Dr. Bob Gilbert – Columnist
Several weeks ago stretched out in the hot tub at the Franklin Fitness Center, I happened to look out a sliding glass door and noticed a hibiscus shrub blooming near the back of the building, I commented about it and to my amazement someone knew its varietal name, “Sugar Tip.” So, I went home and looked it up. What I found is far more than I ever expected.
If you ever questioned why you should use plant scientific names read the following somewhat confusing account of name misusage. The hibiscus shrub I noticed is commonly called Rose-of-Sharon. It grows successfully within our plant hardiness zone and is frequently seen in Franklin. Its other common name is Althea. This shrub is not a rose nor even a distant cousin. This common name Rose-of-Sharon has been applied to several different species of flowering plants from various parts of the world. Also, Rose-of -Sharon is a biblical expression appearing in the Old Testament Song of Salomon. It is speculated that the biblical Rose-of-Sharon was either a crocus, tulip, lily, of a type of rose not a hibiscus. The phrase is also used in lyrics, poetry and song. And then the modern use of the Rose-of-Sharon name has been applied to Hypericum, several other hibiscuses, an iris and even a paeony. Sharon is actually a geographical location in Israel and also another location with the same name along the Jordan River. The geographical connections to this plant and its name are not clear as it is native to China.
The shrub at the Fitness Center is Hibiscus syriacus. Hibiscus comes from a Greek word meaning mallow. It does belong to the mallow family which is distinctly different from the roses. Early observers likely thought this plant blooms looked like the perennial Marsh Mallow. Syriacus refers to Syria where the first plant was described and presented to the scientific literature. So, this suggests it was introduced into Syria before it had been described in the scientific literature as it is native to China. The first person to describe a plant in the literature gets the honor of naming it and that person’s name is attached. Thus the scientific name is Hibiscus syriacus L. L. stand for Linnaeus. Well known scientists’ names were abbreviated.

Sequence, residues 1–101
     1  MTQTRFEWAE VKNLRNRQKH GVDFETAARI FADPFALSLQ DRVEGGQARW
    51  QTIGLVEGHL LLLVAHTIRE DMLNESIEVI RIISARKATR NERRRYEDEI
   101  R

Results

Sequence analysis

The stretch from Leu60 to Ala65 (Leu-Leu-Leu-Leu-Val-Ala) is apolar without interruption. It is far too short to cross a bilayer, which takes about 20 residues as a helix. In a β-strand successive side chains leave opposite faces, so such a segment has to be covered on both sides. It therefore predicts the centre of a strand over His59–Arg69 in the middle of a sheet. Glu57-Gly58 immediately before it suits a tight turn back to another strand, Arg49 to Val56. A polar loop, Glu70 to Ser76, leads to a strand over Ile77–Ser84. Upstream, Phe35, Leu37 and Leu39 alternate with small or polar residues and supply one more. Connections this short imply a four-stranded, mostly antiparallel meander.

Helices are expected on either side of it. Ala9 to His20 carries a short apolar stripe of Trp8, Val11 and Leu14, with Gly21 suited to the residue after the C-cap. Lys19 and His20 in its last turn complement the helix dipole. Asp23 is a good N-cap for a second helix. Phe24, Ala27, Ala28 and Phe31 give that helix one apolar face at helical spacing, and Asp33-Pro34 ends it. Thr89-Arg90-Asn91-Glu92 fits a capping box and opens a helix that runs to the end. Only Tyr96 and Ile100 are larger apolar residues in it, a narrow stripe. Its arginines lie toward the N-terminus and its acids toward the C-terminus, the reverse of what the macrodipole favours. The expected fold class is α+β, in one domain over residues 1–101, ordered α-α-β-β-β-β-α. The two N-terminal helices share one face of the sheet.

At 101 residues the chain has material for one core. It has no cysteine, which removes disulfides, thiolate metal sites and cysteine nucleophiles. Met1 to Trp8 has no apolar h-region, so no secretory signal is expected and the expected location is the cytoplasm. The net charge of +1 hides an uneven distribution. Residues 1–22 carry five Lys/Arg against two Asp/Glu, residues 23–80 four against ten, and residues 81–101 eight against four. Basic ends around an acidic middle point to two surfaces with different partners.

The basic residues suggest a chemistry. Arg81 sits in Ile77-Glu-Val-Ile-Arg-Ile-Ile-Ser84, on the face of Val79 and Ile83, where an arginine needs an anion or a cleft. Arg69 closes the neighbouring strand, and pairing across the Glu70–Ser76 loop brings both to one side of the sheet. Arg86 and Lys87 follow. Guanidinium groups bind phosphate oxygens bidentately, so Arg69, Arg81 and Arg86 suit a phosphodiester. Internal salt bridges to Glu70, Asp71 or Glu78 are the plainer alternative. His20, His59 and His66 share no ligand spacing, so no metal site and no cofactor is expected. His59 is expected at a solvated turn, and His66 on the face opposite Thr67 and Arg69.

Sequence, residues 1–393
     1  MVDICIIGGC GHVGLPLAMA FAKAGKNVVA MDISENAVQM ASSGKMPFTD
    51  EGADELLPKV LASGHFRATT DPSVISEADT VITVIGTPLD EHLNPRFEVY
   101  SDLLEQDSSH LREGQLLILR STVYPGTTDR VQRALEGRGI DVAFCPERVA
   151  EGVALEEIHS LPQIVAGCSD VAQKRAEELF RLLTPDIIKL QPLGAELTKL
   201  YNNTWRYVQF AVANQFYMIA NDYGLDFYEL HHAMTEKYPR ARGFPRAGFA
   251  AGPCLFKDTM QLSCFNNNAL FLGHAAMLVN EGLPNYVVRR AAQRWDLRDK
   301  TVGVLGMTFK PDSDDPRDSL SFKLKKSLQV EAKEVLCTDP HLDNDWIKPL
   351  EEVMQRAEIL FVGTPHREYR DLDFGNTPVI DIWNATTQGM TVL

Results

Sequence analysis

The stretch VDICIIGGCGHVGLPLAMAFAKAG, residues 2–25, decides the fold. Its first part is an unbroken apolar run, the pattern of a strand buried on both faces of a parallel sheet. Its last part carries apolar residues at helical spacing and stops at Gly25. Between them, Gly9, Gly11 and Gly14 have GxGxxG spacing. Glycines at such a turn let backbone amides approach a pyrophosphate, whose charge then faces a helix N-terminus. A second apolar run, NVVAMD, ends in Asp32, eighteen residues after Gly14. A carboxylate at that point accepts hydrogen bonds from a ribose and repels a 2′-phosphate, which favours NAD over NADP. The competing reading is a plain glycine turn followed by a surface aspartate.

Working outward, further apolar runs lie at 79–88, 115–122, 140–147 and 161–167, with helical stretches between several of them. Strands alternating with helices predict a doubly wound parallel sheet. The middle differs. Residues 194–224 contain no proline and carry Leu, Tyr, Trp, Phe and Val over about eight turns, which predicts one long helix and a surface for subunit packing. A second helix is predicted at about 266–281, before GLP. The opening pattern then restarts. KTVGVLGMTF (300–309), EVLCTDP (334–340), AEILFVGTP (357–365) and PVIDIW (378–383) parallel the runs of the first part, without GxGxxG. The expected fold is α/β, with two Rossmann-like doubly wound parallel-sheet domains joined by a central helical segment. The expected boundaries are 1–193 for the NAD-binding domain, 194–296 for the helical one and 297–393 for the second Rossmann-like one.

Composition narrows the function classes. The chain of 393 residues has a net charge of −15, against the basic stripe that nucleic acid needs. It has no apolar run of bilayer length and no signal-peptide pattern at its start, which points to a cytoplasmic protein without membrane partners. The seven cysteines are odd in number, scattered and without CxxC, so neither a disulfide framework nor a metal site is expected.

It has another common name, Chinese Hibiscus. But, be aware that there is a Hibiscus species sinensis that is also called Chinese. H. syriacus is the national flower of South Korea.
I cannot completely explain why this plant is also commonly called Althea. Althea was the Greek goddess of healing. There are some plants in the mallow family that have been used for healing purposes but not this species. I would not suggest ingesting the leaves or seeds of Hibiscus syriacus L.
Hibiscus syriacus L. is easy to grow. It does not require special soils or uncommon amounts of water. For maximum bloom it does best in full sun. The trumpet shape blooms start opening in mid-summer and go on for several months. However, an individual bloom will only last for a couple of days. Great numbers of crosses have been made resulting in numerous cultivars varying in color from white to pink to lavender. Pruning is not often needed except to open up the interior of the shrub by removing interior branches which allows more light into the center.